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Use of far field basilar artery stenting for recurrent middle cerebral artery ischemia
  1. W Lee Titsworth1,
  2. A Cahid Civelek2,
  3. Alex Abou-Chebl3
  1. 1Department of Anatomical Sciences and Neurobiology, University of Louisville School of Medicine, Louisville, Kentucky, USA
  2. 2Department of Radiology, University of Louisville School of Medicine, Louisville, Kentucky, USA
  3. 3Department of Neurology, Division of Interventional Neurology, University of Louisville School of Medicine, Louisville, Kentucky, USA
  1. Correspondence to Dr A Abou-Chebl, Department of Neurology, Division of Interventional Neurology, Room #114, University of Louisville School of Medicine, 500 S Preston St, Louisville, KY 40202, USA; a0abou03{at}louisville.edu

Abstract

Intracranial artery angioplasty and stenting are generally performed for ipsi-territory stroke prevention in stenotic disease; however, few options exist for chronic occlusion of a proximal feeding vessel. In such circumstances intracranial angioplasty and stenting of a neighboring vascular field may improve collateral flow to the territory of the occluded vessel. A case of basilar artery (BA) stenting is presented, performed to improve collateral flow in a man experiencing recurrent middle cerebral artery (MCA) strokes, despite superior temporal artery (STA)–MCA bypass for internal carotid artery occlusion. Following BA stenting, the patient had complete cessation of MCA ischemia and improved cerebrovascular reserve by single photon emission CT. BA stenting was found to be a safe and effective means of improving collateral flow to mitigate recurrent MCA infarctions. Far field interventions should be considered in selected patients who fail other treatments.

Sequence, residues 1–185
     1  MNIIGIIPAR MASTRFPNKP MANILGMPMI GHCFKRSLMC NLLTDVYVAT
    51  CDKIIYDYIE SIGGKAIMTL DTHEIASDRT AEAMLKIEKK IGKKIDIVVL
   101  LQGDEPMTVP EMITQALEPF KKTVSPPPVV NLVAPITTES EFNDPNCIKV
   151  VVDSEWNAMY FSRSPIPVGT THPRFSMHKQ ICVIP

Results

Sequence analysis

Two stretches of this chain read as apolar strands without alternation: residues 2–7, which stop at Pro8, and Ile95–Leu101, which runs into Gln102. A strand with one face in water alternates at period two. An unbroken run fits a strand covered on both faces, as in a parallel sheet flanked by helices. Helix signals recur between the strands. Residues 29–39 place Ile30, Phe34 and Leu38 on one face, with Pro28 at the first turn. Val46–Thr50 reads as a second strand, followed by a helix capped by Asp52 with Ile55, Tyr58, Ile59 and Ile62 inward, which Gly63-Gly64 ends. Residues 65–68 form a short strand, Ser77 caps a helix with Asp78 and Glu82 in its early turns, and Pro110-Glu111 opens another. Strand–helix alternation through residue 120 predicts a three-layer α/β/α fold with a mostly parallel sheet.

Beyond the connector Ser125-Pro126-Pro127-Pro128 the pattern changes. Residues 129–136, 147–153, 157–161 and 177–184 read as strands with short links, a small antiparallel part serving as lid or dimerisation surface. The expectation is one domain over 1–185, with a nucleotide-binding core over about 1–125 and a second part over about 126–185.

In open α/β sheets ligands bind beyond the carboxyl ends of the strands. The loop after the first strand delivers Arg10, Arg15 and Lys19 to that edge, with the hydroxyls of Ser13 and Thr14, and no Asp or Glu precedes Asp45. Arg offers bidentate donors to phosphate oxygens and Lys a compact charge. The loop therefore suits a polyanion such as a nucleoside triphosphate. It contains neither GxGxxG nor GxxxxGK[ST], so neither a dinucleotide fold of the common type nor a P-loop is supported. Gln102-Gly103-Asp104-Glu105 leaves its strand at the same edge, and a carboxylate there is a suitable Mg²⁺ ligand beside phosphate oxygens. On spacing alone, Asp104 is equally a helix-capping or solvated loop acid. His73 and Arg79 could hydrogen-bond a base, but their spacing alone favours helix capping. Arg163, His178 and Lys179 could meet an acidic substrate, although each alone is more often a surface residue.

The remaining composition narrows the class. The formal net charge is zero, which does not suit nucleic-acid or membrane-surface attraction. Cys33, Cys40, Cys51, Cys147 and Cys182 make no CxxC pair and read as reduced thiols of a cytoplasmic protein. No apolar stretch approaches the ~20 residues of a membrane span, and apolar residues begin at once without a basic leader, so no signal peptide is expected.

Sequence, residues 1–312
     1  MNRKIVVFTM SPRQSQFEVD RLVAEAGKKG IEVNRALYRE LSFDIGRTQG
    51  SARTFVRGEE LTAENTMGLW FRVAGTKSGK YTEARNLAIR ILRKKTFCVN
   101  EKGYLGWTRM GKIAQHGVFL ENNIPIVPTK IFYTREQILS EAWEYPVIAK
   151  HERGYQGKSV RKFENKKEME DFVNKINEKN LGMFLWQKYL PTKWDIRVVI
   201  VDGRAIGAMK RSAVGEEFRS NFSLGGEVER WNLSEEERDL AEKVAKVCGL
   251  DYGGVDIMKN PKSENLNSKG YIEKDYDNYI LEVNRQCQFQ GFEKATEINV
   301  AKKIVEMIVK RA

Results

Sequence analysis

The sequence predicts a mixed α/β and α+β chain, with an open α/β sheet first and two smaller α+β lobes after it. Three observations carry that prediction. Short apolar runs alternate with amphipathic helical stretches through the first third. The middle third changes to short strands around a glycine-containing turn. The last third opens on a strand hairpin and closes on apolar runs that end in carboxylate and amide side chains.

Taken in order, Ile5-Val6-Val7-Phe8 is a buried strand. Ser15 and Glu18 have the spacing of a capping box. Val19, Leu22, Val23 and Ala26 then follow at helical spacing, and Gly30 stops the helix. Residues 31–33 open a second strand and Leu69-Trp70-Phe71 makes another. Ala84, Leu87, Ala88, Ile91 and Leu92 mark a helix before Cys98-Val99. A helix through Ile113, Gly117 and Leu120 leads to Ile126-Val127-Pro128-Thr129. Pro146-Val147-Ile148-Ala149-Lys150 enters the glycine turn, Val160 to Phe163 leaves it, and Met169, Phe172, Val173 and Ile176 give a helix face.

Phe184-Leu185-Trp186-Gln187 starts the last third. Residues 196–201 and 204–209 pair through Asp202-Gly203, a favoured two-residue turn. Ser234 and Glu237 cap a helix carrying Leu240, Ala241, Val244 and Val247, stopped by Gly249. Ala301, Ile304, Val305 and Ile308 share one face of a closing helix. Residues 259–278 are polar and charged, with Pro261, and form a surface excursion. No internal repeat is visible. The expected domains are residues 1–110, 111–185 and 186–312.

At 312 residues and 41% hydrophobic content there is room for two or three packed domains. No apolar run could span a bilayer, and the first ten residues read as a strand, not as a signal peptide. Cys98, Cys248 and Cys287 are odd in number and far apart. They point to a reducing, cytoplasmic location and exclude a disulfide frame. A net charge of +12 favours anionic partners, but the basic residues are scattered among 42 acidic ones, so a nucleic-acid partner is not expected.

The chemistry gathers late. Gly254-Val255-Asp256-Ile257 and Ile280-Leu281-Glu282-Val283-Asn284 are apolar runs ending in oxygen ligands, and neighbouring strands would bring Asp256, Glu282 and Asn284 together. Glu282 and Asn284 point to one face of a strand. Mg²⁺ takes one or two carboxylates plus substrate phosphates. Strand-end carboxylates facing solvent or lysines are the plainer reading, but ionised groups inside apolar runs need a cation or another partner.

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Footnotes

  • Competing interests AA is a member of the BMS/Sanofi Speaker's Bureau and has participated in a research trial of intracranial stent sponsored by Micrus Medical Inc.

  • Patient consent Obtained.

  • Provenance and peer review Not commissioned; externally peer reviewed.

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